ASCP Skin Deep

COVID 2020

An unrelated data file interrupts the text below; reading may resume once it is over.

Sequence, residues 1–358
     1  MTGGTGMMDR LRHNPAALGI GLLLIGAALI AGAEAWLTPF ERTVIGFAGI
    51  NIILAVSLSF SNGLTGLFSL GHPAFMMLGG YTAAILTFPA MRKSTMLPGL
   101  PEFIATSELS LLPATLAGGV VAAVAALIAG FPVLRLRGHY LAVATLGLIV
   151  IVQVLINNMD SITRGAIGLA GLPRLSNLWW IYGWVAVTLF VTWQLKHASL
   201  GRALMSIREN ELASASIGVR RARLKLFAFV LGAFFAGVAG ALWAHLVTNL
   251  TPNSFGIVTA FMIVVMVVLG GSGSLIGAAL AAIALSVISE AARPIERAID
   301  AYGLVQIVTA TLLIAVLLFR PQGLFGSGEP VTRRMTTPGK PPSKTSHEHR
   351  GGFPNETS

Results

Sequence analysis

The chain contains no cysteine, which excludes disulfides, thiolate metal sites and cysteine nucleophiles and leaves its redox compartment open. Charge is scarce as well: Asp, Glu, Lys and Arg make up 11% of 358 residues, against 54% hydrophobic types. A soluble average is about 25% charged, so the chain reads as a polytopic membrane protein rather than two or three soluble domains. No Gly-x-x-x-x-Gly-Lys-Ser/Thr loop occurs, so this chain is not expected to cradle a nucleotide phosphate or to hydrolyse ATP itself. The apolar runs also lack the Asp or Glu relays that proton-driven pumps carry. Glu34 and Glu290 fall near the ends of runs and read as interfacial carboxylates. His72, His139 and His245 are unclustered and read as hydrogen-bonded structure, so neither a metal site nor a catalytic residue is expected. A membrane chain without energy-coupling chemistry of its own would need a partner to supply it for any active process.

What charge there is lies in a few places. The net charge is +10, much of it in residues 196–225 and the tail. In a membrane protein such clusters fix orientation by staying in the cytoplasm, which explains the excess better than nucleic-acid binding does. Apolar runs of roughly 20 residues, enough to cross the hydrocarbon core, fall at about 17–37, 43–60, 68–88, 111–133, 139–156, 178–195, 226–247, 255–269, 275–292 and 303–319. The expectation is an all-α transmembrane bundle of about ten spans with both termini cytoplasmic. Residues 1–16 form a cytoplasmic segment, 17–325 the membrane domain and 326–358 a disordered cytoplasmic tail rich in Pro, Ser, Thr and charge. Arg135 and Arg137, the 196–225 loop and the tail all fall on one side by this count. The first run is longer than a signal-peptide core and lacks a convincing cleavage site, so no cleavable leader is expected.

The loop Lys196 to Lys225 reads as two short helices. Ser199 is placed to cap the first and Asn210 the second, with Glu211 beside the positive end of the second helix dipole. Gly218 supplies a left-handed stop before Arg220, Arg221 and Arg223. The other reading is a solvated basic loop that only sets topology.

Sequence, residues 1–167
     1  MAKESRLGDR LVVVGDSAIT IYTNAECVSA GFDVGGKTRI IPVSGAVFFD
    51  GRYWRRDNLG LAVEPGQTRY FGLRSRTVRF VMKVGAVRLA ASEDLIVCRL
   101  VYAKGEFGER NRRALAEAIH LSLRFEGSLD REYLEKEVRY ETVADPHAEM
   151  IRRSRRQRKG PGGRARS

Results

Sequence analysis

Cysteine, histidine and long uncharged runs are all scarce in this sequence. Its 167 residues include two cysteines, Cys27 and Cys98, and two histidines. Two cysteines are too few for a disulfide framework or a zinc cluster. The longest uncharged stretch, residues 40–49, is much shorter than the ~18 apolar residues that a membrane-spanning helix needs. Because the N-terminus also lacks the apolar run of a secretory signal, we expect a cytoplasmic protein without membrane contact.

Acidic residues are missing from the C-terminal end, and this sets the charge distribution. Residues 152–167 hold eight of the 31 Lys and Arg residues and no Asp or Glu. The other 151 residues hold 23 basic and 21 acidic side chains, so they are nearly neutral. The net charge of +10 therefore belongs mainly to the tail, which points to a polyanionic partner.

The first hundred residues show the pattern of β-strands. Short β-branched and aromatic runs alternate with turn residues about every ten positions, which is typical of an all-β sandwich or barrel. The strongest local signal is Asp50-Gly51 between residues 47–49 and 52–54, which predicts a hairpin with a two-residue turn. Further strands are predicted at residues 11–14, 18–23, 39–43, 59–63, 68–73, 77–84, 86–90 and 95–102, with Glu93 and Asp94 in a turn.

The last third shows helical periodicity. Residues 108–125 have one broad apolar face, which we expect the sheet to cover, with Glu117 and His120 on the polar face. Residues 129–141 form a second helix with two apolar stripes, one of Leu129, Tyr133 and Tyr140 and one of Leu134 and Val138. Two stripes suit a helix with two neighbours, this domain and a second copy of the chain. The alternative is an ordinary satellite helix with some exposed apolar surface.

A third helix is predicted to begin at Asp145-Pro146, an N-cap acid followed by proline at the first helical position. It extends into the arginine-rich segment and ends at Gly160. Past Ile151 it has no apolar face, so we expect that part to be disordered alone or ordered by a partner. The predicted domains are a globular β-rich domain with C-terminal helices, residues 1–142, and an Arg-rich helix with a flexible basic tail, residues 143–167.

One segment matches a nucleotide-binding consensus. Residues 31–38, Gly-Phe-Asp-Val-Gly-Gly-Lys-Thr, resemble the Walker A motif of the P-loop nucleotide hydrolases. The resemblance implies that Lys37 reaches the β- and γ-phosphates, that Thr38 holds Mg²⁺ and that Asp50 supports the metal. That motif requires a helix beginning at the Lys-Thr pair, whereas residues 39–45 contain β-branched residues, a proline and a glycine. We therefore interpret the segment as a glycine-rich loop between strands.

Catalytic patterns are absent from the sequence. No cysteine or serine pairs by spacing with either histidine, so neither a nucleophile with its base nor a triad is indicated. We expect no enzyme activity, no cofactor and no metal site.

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for the latest info, visit 45 As a business owner, it was difficult to accept that the work I do is "nonessential." My business supports a lot of local charities that rely on our donations to do their essential business, so becoming "nonessential" feels like a slap in the face. My entire life's work—and my entire savings—went into my business, so I don't like feeling disregarded and discredited. I'm sure many of you are feeling the same way. Despite the sting of the words used to classify my work, I do understand the importance of shutting down, and there is solace in knowing that I'm not closing because I didn't work hard enough. After a few days of licking my wounds, I decided to put on my big girl pants and get to work. There are many aspects of my business I still control—and those that need improvement—so I am taking full advantage of this time to reorganize my home life and restructure my business. That way, when things get back to business as usual, I can devote 100 percent of my time to building my empire! Here are some things I'm working on to improve the health of my business. I hope you fi nd some of these tips useful during this time. • Keep your cash. If you have payments that auto draft each month, stop them if you are not under contract (SEO, marketing, pay-per-click ads, etc.). Retain as much cash as possible to pay bills that cannot be postponed. • Talk to your landlord(s). Have those uncomfortable conversations. I found mine to be helpful. Your landlord doesn't want you to vacate their space, so they may be willing to defer payments or pause rents. • Chat with your vendors too. Even my electronic medical record company paused payments for the time being, and a lot of my vendors have extended payment terms to 90 or even 120 days on open invoices. • Talk with your staff . This is a hard one. Talk with your staff , cry with them, have Zoom calls to keep connected and improve spirits. Help your staff navigate the unemployment site and explain what you're doing as their employer to secure their paychecks. • Amp up your online presence. Create content for your website and social media pages: upload all those photos and videos sitting on your phone, make edits, and clean things up. Start a blog. Build an ecommerce site to sell retail products. • Stay connected. Call your clients and off er them products or gift cards or discounts for packages. Help clients with specifi c conditions like acne keep their home-care routine going. They will not forget how you helped them. Have video chats with your peers. Host an online spa party. • Continue learning. Seek out opportunities for webinars and continuing education through ASCP, your vendors, and other online programs. These are just some of the things I am doing during COVID-19. I fi nd that taking action—doing the things I still control—is very therapeutic. I'm still up at 5:00 a.m. each day, and I'm sticking to my regular schedule. I get dressed, I am rocking a mean smoky eye every day, and I continue to plug away. This will be over soon, and your clients will be eager to get back in to see you for your facials, massages, hair, and nails. They are dying to get out of the house just like you. Cry, scream, get angry, be sad, reorganize, restructure, reach out to your peers and support system, but whatever you do, DON'T GIVE UP! Even though we are all in isolation, we are not alone. Sending you positivity and good vibes! I look forward to touching all the faces with you in the near future. Don't Give Up How to bravely and decisively rebuild your business by Jessica Marie, 2020 ASCP Esty of the Year INSPIRATION

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